An online troll is someone who uses social media to post harmful, purposefully controversial, and defamatory comments with the intent of provoking a response from others. We take a look at dealing with online trolls.
A troll could be one of your followers, like a customer, or someone completely random. Protecting your brand against trolls can seem like a daunting task, but learning how to correctly identify and react to them will become an essential technique for managing your social media.
First, it’s important to distinguish the difference between an upset customer and an internet troll. While both appear angry and demand acknowledgment, an upset customer usually just wants to vent about a negative experience with your brand. By reaching out to this customer and listening to them, you have the opportunity to resolve their issue and maintain excellent customer service practices. A troll, however, will not respond to logic or reason. Their messages will be extreme and exaggerated, often with personal attacks unrelated to your brand. An angry customer is likely to provide some veiled constructive criticism within their complaint, but a troll will make random, personal attacks about anything they can. Knowing the difference between an unhappy customer and a troll can help you decide how to act when receiving these social media posts/messages.
A dissatisfied customer could potentially spiral into a troll by repeatedly posting about your brand in a negative way. If you verify that this person is indeed a customer who has a legitimate complaint, it is best to contact them directly to allow them to voice their concern. While many brands use social media pages to provide customer service, it can be best to engage these upset customers outside of social media to fully handle an issue. Most trolls would never say the things they post online via phone call or in person, so switching the form of communication might diffuse a situation more quickly than messaging back and forth online. If the negative posts from this customer continue (and begin to contain aggressive and sinister messages), further action may be needed to stop this troll.
It’s likely that you will encounter an internet troll at some point, but a few good practices can help you fend off a majority of trolls. First, create a policy for your social media communities that includes acceptable behavior for commenting, sharing, and posting on your pages. This, paired with the platforms’ individual policies, will outline clear expectations for your brand’s social media etiquette. It is also beneficial to have a designated social media manager or moderator to continuously monitor your pages and quickly deal with trolls. They will be able to determine whether a situation involves a troll or a dissatisfied customer and can swiftly provide customer service if needed.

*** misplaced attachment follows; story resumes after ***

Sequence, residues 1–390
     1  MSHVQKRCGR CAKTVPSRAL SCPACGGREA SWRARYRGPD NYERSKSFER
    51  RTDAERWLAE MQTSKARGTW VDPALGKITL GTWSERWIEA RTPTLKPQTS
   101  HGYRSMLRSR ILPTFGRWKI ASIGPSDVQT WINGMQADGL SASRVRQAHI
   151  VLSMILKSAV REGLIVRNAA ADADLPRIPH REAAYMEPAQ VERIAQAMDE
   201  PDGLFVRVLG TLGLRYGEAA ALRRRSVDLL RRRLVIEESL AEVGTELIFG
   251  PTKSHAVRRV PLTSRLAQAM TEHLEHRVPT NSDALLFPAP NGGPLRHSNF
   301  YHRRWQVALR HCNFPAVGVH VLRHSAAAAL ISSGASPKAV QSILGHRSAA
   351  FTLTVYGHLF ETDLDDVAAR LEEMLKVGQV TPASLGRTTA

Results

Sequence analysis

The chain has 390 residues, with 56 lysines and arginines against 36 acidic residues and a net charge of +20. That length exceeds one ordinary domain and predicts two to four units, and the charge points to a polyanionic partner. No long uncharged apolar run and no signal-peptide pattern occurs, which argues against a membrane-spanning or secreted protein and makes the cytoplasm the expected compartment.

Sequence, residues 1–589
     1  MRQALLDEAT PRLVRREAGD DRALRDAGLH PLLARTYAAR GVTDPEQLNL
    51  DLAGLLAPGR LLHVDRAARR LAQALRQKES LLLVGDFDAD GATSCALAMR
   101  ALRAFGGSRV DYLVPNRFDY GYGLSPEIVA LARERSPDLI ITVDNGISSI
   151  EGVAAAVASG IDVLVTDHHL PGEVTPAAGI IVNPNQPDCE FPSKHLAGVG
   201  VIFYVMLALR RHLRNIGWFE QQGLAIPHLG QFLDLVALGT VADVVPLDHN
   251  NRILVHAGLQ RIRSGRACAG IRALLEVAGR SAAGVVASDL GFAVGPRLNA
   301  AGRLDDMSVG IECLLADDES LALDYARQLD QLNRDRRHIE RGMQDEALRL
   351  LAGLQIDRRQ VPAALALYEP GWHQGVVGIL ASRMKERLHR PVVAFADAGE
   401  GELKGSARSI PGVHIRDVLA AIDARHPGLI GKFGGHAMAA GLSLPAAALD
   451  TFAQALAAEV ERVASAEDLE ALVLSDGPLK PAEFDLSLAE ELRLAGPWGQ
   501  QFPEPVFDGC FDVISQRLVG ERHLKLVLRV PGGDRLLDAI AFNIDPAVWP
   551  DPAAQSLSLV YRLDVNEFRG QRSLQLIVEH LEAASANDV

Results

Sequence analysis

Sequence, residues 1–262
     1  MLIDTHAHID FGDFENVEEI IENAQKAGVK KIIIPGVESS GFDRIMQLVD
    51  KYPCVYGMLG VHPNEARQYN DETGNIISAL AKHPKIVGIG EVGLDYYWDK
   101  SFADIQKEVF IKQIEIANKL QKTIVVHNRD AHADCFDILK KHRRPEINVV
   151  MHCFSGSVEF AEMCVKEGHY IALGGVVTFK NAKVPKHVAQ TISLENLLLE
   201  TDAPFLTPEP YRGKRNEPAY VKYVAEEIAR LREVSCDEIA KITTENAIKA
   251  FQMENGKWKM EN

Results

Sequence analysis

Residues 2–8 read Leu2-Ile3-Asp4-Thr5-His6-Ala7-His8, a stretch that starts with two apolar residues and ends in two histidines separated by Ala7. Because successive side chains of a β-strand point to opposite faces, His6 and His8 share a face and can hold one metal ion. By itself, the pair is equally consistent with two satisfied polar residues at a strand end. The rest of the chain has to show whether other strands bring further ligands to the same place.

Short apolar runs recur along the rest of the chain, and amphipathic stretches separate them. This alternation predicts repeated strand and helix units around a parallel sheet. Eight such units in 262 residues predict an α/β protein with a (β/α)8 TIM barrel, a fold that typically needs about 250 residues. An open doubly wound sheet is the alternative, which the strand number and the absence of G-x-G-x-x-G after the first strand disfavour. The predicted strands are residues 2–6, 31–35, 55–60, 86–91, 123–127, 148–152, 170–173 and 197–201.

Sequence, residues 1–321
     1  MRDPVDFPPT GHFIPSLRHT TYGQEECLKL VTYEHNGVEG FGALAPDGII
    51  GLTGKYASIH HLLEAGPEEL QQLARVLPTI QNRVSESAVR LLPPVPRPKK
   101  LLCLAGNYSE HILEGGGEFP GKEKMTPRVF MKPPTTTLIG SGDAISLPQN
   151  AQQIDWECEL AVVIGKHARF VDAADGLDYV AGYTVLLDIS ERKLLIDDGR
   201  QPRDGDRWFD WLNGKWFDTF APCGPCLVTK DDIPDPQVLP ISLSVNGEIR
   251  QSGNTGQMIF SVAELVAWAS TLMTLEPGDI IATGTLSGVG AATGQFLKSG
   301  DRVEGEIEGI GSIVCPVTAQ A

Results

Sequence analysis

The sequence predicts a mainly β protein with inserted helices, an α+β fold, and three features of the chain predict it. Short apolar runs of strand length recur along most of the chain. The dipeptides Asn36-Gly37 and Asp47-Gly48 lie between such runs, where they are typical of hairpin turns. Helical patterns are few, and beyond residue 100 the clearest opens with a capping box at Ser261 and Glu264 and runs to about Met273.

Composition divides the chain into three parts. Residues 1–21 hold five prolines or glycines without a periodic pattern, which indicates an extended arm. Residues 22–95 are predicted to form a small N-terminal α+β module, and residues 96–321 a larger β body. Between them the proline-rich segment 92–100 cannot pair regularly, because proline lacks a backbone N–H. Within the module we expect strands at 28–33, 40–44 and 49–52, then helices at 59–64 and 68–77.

How you respond to trolls can drastically affect your brand’s reputation. The easiest method is to do…nothing! Trolls feed on attention and ultimately want to receive a response from you so they can continue to engage you in their nonsense. By ignoring these spam messages, you avoid putting your brand in a never-ending back-and-forth with the trolls.
If you feel that a response is absolutely necessary, be prepared to reply in a calm manner with facts, instead of emotion. Some brands choose to respond to trolls with humor, which can be a tactic for addressing their ridiculous and outlandish claims in a way that shows that your brand doesn’t take itself too seriously. While the troll’s messages may be hurtful to you personally, your followers will be watching to see how you choose to handle the situation. If the messages become threatening or contain hate speech, it is best to ban or block the troll that is harassing you. Check out the policies of each social media platform you use for info on how to report abuse and/or block accounts. You might be tempted to simply delete the posts and messages of a troll completely. This could be a quick fix, but it will surely be temporary. Deleting the posts of an upset customer shows poor customer service and will not make their problem go away. This could result in the customer posting negative reviews of your brand online, which can damage your reputation. Deleting the posts of a troll will just give them the motivation to continue to harass you, possibly more than if you ignored their messages. It is likely that your current customers and other businesses that have interacted with your brand will back you up when a troll tries to torment you. Receiving these positive, authentic posts will show future customers that the negative nonsense from trolls has no merit and doesn’t reflect the values of your brand. This is why it is so important to create a positive brand culture, both in-person and online through social media.
No one knows exactly why online trolls choose to post what they do, but it’s inevitable that you will have to deal with one at some point. Whether it’s an angry customer wanting to vent or a random troll, how you handle the situation is crucial. Solving customer issues and taking action against trolls will show your customers the integrity of your brand and the type of community you are cultivating through your online presence. In any situation, always remember to think before you post, and take further action if you feel it’s necessary.